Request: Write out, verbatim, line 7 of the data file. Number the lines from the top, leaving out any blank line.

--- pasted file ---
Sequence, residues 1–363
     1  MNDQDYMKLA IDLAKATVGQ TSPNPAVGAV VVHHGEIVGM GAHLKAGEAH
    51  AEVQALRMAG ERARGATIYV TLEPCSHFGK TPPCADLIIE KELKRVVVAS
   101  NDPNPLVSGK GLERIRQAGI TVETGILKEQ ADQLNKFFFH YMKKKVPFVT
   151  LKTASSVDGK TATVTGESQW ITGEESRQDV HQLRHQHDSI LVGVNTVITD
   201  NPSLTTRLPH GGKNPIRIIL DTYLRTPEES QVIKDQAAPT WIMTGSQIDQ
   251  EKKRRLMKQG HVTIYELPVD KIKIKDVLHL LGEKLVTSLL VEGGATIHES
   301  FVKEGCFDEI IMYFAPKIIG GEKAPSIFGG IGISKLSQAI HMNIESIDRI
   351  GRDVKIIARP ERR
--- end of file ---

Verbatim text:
   251  EKKRRLMKQG HVTIYELPVD KIKIKDVLHL LGEKLVTSLL VEGGATIHES